Learning The Wrong Lessons

About a year and a half ago, i had an insight into American politics that troubled me. One way in which the two major parties differ significantly is in how, generally, they treat their failed presidential nominees.

In 1980, after losing the White House, Jimmy Carter was treated as a pariah. It wasn’t until the Clinton administration, I think, that he regained any respect at all within the party he headed.

In 1984, Walter Mondale went straight from nominee to oblivion.

In 1988, Dukakis did the same.

In 2000, after the election, Gore had to (stealing from myself here) spend his time in the wilderness before he got in touch with his inner granola, remaking himself as the Defender Of Gaea.

After 2004, John Kerry was held in almost as much contempt by those who backed him as those of us who knew from the outset what he was all about.

And it isn’t just presidents. Look at what happened with Joe Lieberman. Hell, it can be argued that accepting Gore’s offer of the #2 spot was the worst thing he could have done. It pushed him into a prominence that he was ill-equipped to withstand.

On the other hand, Republican failures tend to be welcomed back into the fold more quickly. in 1980, Gerald Ford was seriously considered as Ronald Reagan’s running mate. George W. Bush, after his election, was thought of as the kindly old uncle of the GOP. And even Richard Nixon was eventually reformed into Elder Statesman and sage of foreign policy.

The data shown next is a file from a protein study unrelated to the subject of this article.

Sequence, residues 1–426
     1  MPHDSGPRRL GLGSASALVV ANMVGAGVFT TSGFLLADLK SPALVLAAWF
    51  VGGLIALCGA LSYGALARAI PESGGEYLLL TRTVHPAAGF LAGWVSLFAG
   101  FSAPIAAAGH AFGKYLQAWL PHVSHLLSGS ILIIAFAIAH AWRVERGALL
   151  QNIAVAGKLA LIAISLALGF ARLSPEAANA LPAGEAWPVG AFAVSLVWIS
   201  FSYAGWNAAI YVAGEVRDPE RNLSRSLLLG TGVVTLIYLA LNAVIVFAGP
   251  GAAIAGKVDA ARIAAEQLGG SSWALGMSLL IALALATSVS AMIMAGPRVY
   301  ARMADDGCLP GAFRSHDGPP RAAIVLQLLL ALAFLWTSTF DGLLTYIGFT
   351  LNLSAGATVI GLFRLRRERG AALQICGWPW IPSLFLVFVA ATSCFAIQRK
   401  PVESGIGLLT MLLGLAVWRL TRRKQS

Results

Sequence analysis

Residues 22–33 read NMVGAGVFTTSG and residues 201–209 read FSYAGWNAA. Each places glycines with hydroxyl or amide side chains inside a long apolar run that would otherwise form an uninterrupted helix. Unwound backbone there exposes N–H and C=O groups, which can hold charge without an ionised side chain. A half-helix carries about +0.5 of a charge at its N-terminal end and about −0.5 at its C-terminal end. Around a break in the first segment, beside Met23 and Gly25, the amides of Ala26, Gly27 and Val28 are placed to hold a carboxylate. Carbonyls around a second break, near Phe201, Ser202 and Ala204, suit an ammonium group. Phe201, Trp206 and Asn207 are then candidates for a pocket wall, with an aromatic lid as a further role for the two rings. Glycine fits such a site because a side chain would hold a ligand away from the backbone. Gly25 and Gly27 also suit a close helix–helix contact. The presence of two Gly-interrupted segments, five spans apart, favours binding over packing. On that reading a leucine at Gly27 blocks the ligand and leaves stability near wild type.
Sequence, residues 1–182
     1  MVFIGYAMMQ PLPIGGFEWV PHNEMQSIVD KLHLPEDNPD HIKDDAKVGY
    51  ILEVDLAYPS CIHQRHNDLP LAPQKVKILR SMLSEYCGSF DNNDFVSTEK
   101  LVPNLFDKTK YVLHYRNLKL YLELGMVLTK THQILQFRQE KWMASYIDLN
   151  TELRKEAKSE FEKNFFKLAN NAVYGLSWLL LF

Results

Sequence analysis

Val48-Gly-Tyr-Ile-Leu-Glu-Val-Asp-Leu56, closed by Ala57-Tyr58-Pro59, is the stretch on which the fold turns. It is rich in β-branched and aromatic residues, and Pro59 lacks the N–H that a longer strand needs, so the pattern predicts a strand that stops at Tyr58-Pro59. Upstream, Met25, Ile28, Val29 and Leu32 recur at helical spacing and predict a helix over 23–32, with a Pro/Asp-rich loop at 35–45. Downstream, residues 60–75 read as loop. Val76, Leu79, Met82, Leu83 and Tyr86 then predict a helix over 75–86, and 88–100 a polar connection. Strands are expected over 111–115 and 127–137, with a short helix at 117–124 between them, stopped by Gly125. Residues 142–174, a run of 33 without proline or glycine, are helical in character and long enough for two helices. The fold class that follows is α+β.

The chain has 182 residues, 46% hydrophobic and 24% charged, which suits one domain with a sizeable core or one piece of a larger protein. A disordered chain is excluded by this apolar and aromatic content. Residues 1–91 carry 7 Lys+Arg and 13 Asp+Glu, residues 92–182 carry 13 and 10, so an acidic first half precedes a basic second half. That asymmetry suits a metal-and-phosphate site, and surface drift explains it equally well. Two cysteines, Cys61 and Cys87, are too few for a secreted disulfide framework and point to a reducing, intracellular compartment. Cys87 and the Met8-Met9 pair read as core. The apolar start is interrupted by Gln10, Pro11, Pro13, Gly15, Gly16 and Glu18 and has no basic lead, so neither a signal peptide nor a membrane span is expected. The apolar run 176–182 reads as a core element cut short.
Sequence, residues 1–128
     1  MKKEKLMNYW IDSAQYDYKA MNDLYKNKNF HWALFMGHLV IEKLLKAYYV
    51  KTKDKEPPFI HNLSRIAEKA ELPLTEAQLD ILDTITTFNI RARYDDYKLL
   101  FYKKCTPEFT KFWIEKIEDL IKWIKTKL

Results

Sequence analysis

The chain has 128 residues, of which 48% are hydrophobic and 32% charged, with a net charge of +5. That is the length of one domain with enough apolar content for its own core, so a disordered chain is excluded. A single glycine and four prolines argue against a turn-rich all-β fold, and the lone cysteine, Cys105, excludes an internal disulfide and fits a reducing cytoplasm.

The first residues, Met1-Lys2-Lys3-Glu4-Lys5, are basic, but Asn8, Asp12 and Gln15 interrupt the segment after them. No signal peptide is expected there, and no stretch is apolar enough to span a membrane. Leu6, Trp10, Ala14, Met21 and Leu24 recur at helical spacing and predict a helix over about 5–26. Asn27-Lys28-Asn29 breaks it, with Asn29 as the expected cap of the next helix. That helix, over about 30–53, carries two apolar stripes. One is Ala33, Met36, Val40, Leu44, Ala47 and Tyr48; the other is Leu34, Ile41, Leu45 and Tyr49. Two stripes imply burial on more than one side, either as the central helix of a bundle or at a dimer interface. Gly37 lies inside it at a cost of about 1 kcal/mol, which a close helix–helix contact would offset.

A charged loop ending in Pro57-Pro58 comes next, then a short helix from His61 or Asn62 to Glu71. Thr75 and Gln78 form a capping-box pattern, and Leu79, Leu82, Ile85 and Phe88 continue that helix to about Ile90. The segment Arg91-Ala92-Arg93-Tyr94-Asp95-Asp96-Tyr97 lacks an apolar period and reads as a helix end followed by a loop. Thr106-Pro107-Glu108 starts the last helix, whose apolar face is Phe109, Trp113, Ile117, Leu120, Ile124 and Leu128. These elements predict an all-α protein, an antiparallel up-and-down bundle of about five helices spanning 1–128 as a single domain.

That is all going away now, it seems. With John McCain’s loss on Tuesday, it’s absolutely astonishing how quickly the knives are out for John McCain and Sarah Palin.

Like so many, I’m disgusted.

It’s like some Republicans have decided that the best way to beat the Democrats is to mindlessly copy what they do, including the really, really dumb ones. And this treatment of the standard bearers of their party is nothing short of appalling.

Yes, it’s important to look at a defeat and try to figure out why you lost. But it’s also important to look at the other side and try to figure out why they won. And in either case, the incredibly petty and vindictive back-biting is not just embarrassing and stupid and self-destructive, it’s also pointlessly embarrassing, stupid, and self-destructive.

Sometimes that’s fun to watch. Four years ago, when the target was John Kerry, I sat back and relished it — because it couldn’t have happened to a more deserving person.

But generally, it’s not a good thing. And in particular, when it’s being done to two people whom I think deserve respect for their accomplishments, and willingness to take such risks as they have.

And it’s reaffirmed my staunch desire to stay the hell out of party politics (and parties in general). That is precisely the kind of petty bullshit that I have literally negative interest in.

Doggone it
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